We need bulldozers or other machinery to remove all this earth and get the bodies out, or the survivors if there are any, Jawed Basharat, a spokesman for the police chief of Baghlan province in northeast Afghanistan, told the Associated Press.
Two women were rescued in the aftermath of the Afghan quake, Abdul Majid, the province's governor, told the AP.
A 5.4-magnitude earthquake shook the Hindu Kush mountains of Aghanistan early Monday morning, according to the U.S. Geological Survey. That was followed 25 minutes later by a 5.7-magnitude temblor in the same area.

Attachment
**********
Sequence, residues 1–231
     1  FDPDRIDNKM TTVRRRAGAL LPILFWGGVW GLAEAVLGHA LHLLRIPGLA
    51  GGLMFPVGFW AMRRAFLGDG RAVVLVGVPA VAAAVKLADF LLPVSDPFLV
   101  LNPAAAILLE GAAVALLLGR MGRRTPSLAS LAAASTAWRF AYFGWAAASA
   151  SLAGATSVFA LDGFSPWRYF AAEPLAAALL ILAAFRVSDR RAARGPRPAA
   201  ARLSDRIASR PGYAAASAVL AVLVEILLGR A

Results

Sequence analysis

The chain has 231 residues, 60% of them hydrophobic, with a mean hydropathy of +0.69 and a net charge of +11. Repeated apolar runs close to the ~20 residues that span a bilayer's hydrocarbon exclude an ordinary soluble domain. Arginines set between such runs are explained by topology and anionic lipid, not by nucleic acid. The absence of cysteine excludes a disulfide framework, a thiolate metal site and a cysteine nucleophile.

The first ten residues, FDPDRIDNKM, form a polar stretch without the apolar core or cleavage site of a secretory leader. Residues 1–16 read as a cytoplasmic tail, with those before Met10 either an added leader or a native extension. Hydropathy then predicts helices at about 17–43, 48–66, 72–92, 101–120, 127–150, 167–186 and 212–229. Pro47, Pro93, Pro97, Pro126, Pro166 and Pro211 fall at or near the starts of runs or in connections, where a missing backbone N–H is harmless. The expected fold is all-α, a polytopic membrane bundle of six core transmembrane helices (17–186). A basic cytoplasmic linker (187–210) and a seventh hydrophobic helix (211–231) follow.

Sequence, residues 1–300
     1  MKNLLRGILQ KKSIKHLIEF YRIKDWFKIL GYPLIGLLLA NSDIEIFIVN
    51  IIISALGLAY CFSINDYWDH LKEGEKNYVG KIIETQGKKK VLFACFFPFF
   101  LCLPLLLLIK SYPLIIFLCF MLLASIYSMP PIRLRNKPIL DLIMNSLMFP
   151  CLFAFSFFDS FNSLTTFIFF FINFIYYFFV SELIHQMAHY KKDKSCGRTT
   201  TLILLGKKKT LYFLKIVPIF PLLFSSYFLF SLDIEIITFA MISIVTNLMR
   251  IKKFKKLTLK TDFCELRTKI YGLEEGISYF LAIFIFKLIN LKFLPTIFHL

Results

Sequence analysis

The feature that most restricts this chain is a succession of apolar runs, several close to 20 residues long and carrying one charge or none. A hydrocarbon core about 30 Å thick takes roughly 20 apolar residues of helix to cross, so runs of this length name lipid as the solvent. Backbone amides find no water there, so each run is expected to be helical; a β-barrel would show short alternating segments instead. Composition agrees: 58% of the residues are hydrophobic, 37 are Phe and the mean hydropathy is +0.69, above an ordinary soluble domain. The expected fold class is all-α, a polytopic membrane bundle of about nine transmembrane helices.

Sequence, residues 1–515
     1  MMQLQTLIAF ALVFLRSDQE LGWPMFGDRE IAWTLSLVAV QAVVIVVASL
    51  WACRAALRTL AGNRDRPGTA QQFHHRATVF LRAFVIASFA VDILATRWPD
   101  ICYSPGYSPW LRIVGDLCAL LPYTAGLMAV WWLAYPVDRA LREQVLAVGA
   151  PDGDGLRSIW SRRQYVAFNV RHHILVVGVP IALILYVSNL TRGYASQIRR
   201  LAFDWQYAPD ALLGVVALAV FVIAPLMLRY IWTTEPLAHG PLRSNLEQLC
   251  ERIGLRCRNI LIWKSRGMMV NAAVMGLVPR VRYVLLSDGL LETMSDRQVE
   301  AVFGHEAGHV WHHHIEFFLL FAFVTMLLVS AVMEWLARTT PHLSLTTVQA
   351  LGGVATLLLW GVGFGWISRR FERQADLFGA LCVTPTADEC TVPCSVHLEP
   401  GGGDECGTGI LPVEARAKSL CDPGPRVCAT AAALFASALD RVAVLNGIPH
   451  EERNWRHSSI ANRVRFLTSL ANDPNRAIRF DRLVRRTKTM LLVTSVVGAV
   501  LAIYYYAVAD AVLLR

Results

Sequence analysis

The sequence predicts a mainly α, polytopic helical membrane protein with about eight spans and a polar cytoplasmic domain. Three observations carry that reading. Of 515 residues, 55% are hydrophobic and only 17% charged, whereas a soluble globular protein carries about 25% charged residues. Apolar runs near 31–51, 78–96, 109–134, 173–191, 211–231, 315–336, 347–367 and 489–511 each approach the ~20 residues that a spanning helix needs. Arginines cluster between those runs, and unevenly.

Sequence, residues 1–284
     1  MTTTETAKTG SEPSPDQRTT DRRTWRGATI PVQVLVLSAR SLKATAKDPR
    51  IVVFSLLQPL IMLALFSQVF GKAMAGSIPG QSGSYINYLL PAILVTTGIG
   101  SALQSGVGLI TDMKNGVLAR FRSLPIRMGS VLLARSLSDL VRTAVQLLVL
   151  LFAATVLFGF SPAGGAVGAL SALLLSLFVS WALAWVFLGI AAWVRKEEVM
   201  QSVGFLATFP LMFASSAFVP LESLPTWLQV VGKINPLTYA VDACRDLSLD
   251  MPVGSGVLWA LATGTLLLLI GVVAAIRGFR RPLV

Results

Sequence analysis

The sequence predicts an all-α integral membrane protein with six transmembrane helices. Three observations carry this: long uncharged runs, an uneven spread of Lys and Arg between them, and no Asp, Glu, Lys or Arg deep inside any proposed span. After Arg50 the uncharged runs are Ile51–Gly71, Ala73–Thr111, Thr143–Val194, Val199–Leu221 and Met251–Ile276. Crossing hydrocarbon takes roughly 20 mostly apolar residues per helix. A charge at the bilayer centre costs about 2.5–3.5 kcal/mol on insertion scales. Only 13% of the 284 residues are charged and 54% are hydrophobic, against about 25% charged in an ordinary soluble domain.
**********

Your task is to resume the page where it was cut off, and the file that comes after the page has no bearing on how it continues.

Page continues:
The earthquakes were felt as far away as the Afghan capital of Kabul, nearly 150 miles from the epicenter of the temblors.
Up to 100 people are feared dead from the disaster, which resulted in a landslide that destroyed between 25 and 30 houses, the AP reported.
A school was among the buildings that collapsed following the landslide, the Bangkok Post reported.
The United Nations said it would assist local Afghan officials with rescue efforts.
The landslide occurred in the Burka district of Baghlan province, described by the AP as a remote collection of mountain villages.
The landslide was so devastating that rescuers gave up on digging through the buildings, Basharat told the AP.
The area of Afghanistan rocked by the earthquakes is prone to such disasters, according to the Bangkok Post, since the region is situated near the point where the Eurasian and Indian tectonic plates meet.